2 Peter 1:5-7, “But also for this very reason, giving all diligence, add to your faith virtue, to virtue knowledge, to knowledge self-control, to self-control perseverance, to perseverance godliness, to godliness brotherly kindness, and to brotherly kindness love.”
Each time I read Peter’s edifying counsel on how we as believers ought to continually grow and mature in Christ, I get a flash, an image of a house being steadily built. I see the foundation which is faith perfectly laid out before me, and a man with a stack of bricks beside him, trowel in hand, and plenty of mortar for the job methodically going about the task of laying the bricks one at a time.
Unless you’re buying a house from some disreputable outfit whose only interest is turning a profit, chances are you will be methodical when it comes to the sort of materials you use, as well as making sure everything is built according to the blueprints.
It is not something you do just to get done, nor is it something you rush in any form or fashion because it is a far wiser thing to take an extra breath and make sure you’re doing it as you ought than having to tear down what you built and begin anew.
One realizes upon undertaking the task of building a home that they are building something permanent. Because it is something they will likely occupy all their lives most people take great care that it’s done right and that the home is built with a sense of permanence.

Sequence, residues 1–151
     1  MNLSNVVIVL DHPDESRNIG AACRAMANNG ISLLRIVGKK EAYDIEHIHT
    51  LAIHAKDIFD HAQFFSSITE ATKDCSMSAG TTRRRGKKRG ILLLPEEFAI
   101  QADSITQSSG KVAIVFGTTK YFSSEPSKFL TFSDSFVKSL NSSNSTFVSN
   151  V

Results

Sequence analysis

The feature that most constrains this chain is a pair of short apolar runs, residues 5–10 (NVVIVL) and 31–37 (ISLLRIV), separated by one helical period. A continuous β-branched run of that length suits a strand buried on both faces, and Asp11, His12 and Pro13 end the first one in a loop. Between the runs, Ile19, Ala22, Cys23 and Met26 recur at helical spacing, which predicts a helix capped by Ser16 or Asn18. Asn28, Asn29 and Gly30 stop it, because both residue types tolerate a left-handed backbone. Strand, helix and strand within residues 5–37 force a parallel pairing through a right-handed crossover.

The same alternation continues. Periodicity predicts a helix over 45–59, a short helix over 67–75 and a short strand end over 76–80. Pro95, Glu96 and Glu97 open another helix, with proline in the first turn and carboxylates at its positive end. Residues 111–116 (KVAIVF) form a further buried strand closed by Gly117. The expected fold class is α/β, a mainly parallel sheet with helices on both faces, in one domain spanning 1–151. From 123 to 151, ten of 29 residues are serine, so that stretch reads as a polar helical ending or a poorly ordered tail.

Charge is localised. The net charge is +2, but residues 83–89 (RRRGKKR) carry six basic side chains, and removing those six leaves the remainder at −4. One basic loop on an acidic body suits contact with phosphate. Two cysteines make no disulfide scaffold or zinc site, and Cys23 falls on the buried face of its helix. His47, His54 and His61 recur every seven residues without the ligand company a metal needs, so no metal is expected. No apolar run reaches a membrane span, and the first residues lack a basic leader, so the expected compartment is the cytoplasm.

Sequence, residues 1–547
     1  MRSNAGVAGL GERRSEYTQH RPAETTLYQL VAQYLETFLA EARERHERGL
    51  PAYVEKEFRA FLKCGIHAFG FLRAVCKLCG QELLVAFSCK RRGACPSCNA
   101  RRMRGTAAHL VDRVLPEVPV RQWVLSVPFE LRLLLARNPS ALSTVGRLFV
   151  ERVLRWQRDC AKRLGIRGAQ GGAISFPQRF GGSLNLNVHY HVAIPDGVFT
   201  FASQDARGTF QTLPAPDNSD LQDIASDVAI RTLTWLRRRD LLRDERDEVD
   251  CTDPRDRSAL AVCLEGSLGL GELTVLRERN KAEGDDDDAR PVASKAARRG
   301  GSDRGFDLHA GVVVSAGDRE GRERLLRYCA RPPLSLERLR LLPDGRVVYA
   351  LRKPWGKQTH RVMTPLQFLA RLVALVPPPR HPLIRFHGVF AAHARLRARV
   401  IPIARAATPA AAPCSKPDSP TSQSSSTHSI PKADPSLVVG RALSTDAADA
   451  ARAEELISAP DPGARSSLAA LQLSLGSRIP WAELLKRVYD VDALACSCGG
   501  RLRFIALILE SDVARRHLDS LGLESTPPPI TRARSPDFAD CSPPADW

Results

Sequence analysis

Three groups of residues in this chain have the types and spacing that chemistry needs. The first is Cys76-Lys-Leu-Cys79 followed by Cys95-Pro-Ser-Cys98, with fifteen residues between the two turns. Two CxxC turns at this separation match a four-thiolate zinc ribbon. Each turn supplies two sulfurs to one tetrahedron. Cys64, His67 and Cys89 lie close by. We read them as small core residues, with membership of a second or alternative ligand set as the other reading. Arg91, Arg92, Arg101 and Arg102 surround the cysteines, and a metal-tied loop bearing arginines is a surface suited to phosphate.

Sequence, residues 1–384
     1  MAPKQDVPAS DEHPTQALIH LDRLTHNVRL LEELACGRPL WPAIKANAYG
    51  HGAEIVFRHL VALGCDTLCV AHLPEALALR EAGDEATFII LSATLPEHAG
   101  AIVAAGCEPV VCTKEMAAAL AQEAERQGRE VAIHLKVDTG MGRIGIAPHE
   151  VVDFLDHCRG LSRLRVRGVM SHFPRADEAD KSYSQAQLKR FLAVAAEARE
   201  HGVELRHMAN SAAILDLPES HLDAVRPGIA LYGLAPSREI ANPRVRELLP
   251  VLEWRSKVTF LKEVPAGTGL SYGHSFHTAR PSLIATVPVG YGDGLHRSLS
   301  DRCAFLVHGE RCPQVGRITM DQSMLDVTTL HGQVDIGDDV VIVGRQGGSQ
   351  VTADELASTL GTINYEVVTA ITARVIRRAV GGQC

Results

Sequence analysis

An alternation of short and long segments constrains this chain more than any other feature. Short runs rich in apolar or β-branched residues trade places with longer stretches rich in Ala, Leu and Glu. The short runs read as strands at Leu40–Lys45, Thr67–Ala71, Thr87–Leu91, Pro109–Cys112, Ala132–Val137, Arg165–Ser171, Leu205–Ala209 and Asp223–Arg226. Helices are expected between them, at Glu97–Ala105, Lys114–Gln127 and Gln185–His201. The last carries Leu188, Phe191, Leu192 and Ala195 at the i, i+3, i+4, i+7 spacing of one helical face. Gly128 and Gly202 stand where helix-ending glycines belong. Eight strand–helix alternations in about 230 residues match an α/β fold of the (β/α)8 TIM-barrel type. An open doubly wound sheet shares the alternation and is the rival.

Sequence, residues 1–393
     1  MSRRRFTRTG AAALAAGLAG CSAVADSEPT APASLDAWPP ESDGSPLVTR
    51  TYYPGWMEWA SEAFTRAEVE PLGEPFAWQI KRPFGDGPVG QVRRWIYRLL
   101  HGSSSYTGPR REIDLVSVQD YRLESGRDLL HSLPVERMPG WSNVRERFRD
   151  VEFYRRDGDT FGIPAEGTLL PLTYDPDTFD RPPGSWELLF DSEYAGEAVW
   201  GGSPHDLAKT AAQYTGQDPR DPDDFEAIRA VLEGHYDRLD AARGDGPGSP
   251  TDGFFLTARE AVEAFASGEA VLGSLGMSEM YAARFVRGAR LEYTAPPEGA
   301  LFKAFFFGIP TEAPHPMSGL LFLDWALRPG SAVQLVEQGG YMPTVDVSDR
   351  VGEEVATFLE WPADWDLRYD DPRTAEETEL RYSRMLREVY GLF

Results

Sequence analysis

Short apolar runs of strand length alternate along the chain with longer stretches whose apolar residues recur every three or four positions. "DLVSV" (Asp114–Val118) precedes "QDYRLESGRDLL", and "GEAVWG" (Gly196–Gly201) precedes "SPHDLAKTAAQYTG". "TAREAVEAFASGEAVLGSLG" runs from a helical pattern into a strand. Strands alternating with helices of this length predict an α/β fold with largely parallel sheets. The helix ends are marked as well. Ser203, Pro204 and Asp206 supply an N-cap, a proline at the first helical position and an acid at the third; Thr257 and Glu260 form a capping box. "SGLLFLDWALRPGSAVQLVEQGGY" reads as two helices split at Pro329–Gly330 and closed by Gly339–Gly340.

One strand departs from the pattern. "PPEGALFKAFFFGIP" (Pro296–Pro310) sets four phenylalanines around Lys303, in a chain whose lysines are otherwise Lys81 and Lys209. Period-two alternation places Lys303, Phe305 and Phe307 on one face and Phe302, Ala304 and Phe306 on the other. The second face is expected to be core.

When it comes to building up their spiritual homes, it would seem that nowadays people would rather just wing it and play it by ear than take the time to study out the instructions and be diligent in making sure it is done right.
The Word of God is the blueprint for our spiritual house. Absent the knowledge of the Word of God, absence the adherence to the instructions found therein, whatever spiritual house we attempt to build, it will not be up to specifications, nor will it suffice when the Inspector comes to see what we have built.
Now that we’ve added to our faith virtue, and we strive to live by the moral standard to which the children of God are expected to live, Peter continues his spiritual advice and encourages us to add to our virtue knowledge.
The first and most obvious question is knowledge of what exactly?
What knowledge is Peter referring to?
There are different kinds of knowledge, and there are different sources of knowledge, but knowing Peter to be a simple, practical man lacking formal education we come to understand the knowledge he speaks of here is not book knowledge, or knowledge of some discipline or another, but knowledge of God, the Word of God, the kingdom of God, and the will of God.
When Peter admonished us to add to our virtue knowledge, it was not knowledge of how to fish or what bait to use since this was his profession; it was knowledge of the singularly priceless truth of Christ Jesus and His sacrifice on behalf of mankind.
No other knowledge is worth pursuing or using as one of the bricks in our spiritual house than the knowledge of Christ.
Even Paul the Apostle whose earthly knowledge exceeded that of Peter, who was educated and well versed in ways Peter was not, had the singular desire to know Christ and the power of His resurrection.
Upon beginning to acquire knowledge of Jesus, upon beginning to grow in Him, we come to the realization that there is always more of Him to discover, always more of Him to understand in a deeper fashion, and this keeps the fire of our desire for more of Him burning bright.
It is only those who have never known the beauty of Jesus, those who thought they had met Him but never truly did that insist other pursuits are just as fulfilling and just as nourishing to the human soul.
Once of you’ve met Jesus, truly met Him, you will understand that there is nothing in the universe that comes close to equaling the knowledge of Him in all His glory.
With love in Christ,
Michael Boldea Jr.